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Tough Integral (Log)

  1. Mar 11, 2010 #1


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    I posted this in the mathematical/computation software forum but maybe theres an algebraic trick I don't know to help me solve this.

    I need to compute an integral of:
    [tex]\sqrt{\text{E1}^2-m^2} Log\left( \frac{m^2-m_B E1-m_B\sqrt{E1^2-m^2}}{m^2-m_B E1+m_B \sqrt{E1^2-m^2}}\right)[/tex]

    over the region {E1,m,mB/2}

    the limits of integration are well defined in the equation, though the function is asymptotic near the upper bound. But it still has a value there.

    I can't seem to integrate this. Mathematica just spits the input back out. I know its possible because I can numerically integrate it for what I want and it gives a reasonable answer. Unfortunately I REALLY want an algebraic solution...

    Does anyone have any ideas? An integral of a sqrt times a log of a function of the variable. I've tried some substitution methods, nothing seems to simplify.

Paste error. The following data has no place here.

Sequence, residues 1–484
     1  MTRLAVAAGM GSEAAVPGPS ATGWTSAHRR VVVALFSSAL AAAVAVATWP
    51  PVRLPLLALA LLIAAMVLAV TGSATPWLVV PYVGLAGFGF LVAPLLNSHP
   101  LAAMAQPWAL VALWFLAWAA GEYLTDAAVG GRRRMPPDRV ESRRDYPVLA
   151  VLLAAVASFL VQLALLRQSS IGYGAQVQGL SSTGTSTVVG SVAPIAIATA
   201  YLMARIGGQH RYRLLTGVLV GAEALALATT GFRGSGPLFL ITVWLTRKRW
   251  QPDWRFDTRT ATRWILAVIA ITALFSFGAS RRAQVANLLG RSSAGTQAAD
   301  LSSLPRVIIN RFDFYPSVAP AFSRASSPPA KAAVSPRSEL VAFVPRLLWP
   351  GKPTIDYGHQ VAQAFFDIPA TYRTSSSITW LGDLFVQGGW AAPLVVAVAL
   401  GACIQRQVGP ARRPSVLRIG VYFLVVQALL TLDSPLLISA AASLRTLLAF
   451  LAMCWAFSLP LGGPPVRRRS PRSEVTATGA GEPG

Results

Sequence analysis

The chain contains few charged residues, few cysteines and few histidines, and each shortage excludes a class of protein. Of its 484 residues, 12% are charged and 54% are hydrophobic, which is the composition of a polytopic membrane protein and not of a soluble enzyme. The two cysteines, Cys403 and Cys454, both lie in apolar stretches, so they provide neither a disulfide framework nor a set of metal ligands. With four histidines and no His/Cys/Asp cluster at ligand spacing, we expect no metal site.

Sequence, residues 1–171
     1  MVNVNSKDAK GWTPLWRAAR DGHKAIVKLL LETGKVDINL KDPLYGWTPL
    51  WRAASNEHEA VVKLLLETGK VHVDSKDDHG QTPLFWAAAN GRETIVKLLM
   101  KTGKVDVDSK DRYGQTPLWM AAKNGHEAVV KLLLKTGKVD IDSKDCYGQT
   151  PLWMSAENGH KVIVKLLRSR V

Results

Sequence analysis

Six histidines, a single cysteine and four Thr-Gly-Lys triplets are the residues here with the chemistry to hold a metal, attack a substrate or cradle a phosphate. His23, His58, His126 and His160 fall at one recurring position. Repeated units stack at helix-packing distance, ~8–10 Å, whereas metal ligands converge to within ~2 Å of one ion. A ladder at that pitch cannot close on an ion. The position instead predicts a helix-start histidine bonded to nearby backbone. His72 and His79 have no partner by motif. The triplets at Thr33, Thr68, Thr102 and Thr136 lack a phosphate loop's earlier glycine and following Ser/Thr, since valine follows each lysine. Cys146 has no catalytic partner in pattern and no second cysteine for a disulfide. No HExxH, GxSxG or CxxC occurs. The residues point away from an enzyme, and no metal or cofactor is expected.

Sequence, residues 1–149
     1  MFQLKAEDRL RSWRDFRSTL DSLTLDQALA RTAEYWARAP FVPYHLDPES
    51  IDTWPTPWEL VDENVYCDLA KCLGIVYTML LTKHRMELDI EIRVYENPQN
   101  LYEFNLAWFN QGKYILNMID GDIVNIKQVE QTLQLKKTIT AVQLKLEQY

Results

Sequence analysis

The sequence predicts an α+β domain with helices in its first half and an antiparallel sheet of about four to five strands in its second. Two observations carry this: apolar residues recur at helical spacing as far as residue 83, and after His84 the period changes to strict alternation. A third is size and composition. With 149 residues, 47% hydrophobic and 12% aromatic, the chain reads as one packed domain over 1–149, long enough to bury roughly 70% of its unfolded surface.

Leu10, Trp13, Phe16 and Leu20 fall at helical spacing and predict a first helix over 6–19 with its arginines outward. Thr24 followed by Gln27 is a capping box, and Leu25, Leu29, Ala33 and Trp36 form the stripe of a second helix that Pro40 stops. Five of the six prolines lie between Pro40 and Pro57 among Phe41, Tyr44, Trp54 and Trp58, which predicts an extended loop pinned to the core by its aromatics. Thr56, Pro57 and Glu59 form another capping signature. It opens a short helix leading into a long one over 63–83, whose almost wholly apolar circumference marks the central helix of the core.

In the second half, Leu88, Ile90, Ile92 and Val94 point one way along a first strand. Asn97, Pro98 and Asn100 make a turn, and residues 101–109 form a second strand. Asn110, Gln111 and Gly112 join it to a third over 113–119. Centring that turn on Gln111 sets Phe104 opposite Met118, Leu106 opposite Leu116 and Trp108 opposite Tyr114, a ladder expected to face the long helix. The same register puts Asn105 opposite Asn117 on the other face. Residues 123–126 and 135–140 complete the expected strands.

Thanks for the help!

    EDIT:I think I got something by letting U= Log[everything], it can be algebraic, but its sooo long... any other choices?
    Last edited: Mar 11, 2010
  2. jcsd
  3. Mar 11, 2010 #2


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    What is the variable here? Why are there three integration limits {E1,m,mB/2} instead of two?
  4. Mar 11, 2010 #3


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    variable is E1. From m to mB/2

    I used mathematicas way of saying that sorry.
  5. Mar 11, 2010 #4
    Well, you can also use Mathematica do perform these steps and simplify the end result...
  6. Mar 11, 2010 #5

    Ben Niehoff

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    It looks like you might be able to rewrite the logarithm in terms of inverse trigonometric (or hyperbolic) functions. Not sure if that helps you do the integral, though. Also, did you try giving Mathematica some Assumptions as to the ranges of the variables? Sometimes if it knows a variable is real and positive, it is able to simplify, because now it knows what branch every function needs to be evaluated on.
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